Sustainability as the New Business Paradigm

By Oscar Thomas,2014-07-10 11:32
17 views 0
Sustainability as the New Business Paradigm ...

Sustainability as the New Business Paradigm

Speech by Ulrich Golüke, San Francisco, March 20, 2002

    Successful Scenario Planning Conference.

Embargoed until March 20, 2002, 10 am Pacific Time

Slide 1

    Dear Chairperson, dear participants, I am pleased, though jetlagged, to be here and to have an

    hour or so to talk to you. I‘ll leave some time at the end for questions, and I will be here

    today and tomorrow if you‘d like to seek me out and talk some more and you can always

    reach me via e-mail.

So let‘s start.

    Slide 2

    First, let me applaud your courage to come to a speech with the word ‗paradigm‘ in its title.

    And on a Wednesday morning, no less. I am sure, many of you hope that I am joking I think I would if I were sitting in your place.

    Slide 3

    Unfortunately, I am not. In one way it is actually worse: I‘ll be talking about a new class of paradigm.

    But in another way, it is much better because I will talk to you about forgive the jargon a meta-paradigm. Not a run of the mill Theory X or Theory Y, or Re-engineering, or Sigma

    Six, but a big and powerful change, one that can organize our lives for some time to come and certainly longer than our current CEOs term of office.

    Slide 4

    The paradigms we know and suffer from are all cost reduction efforts: how to do more

    with less: Less inputs, less raw materials, less capital, less and here it hurts the most people. It‘s become a mantra, and once a round of cost cutting is successfully done, the

    ‗reward‘ is usually another one for the next budget cycle.

And while it may be mathematically true that you can cut X percent from something

    indefinitely, in the real world you cannot and all you get is burn-out.

So why keep on doing it? You know the answers: because the others do it, and because we

    are leaders!

    Sustainability as the New Business Paradigm page 1 of 11 ? 2002, Ulrich Golüke, All Rights Reserved,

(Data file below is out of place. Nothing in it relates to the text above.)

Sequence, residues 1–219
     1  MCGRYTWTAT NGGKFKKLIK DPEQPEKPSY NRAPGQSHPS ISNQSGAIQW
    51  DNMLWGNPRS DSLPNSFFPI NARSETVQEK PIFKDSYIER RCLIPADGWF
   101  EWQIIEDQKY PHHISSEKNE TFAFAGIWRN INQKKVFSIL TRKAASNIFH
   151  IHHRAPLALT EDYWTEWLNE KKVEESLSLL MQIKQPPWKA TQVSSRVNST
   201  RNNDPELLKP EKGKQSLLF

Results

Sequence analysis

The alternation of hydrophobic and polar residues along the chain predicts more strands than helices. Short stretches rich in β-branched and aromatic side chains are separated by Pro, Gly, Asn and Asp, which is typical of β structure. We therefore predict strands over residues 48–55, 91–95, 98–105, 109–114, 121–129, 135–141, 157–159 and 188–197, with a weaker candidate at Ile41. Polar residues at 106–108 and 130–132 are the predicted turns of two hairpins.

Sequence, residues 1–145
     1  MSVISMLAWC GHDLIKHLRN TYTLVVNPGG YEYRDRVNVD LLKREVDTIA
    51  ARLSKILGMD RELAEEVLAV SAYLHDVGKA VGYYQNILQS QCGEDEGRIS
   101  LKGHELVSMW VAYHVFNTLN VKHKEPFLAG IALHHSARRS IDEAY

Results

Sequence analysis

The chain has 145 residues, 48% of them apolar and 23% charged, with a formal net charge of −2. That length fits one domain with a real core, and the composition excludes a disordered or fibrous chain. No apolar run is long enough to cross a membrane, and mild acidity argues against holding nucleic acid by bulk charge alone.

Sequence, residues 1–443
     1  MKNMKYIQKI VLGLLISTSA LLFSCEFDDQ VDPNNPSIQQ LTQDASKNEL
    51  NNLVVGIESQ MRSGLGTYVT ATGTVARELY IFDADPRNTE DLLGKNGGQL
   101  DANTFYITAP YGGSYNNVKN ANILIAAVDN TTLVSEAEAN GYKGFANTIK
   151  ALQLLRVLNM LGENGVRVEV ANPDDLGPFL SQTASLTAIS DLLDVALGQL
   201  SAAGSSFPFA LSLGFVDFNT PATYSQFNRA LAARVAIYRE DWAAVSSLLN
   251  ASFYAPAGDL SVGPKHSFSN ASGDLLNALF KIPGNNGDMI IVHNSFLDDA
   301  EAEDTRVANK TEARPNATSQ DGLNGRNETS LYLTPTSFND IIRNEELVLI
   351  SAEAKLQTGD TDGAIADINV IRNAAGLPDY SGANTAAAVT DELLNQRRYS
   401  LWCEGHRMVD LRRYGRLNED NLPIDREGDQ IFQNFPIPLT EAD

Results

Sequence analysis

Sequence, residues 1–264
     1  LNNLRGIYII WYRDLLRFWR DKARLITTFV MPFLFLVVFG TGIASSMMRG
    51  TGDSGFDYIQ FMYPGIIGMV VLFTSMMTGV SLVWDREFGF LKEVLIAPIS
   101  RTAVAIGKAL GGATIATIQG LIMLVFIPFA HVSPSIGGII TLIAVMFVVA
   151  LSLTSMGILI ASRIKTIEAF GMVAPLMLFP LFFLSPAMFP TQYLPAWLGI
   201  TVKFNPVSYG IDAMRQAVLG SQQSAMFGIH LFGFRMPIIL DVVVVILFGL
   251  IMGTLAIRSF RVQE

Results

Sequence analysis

Slide 5

    Beyond the jargon, why is it really that all we do is cut costs?

    Because essentially, we look at the world in this way. All our products, services even portfolios of offerings are judged, by us, by others, by four attributes: availability, price,

    quality and, lately, mass customization.

You have probably seen, even used, these spider diagrams yourself. They are great for

    benchmarking, for summaries, for justifying the next round of cost cutting. What they mask

    is that you allow yourself to be part of a game of ―Hare and Tortoise‖. No matter how fast

    you run, by the time you get there, someone else has already won the race.

    Slide 6

    That is because we live in a very tightly networked worked, in real-time (as the Economist put

    in a recent survey of manufacturing). We are all global players, and if we aren‘t, our

    competitors are.

If this is our view of the world, then all we can do is compete in the end on price. Any gain

    on availability, quality and mass customization is instantly matched (just ask Compaq, Dell

    and Gateway), so the end is that we, as customers, get high quality products and services,

    instantly available. And all I ask is ‗who has the better deal‘?

    The consequence is that cost cutting becomes not a ‗one-time cleaning out the stables‘ affair, it is a never ending story. Round and round it goes.

    Slide 7

    What if we changed our view of the world?

What if we introduced a fifth attribute, besides availability, price, quality and mass-

    customization, on which our products and services are judged and selected!

If happened before. If you think back 50, 60 years, our products and services were judged

    on merely two attributes, availability and price. It was the Japanese after World War II,

    when they had no raw materials, no markets, no friends and customers who changed

    everyone‘s view by introducing quality as an attribute to be used for selection.

Personally, I am old enough to remember that ‗made in Japan‘ was in the beginning cause for

    laughter. Some of us never stopped laughing and have been spending quite a bit of time

    with their families ever since.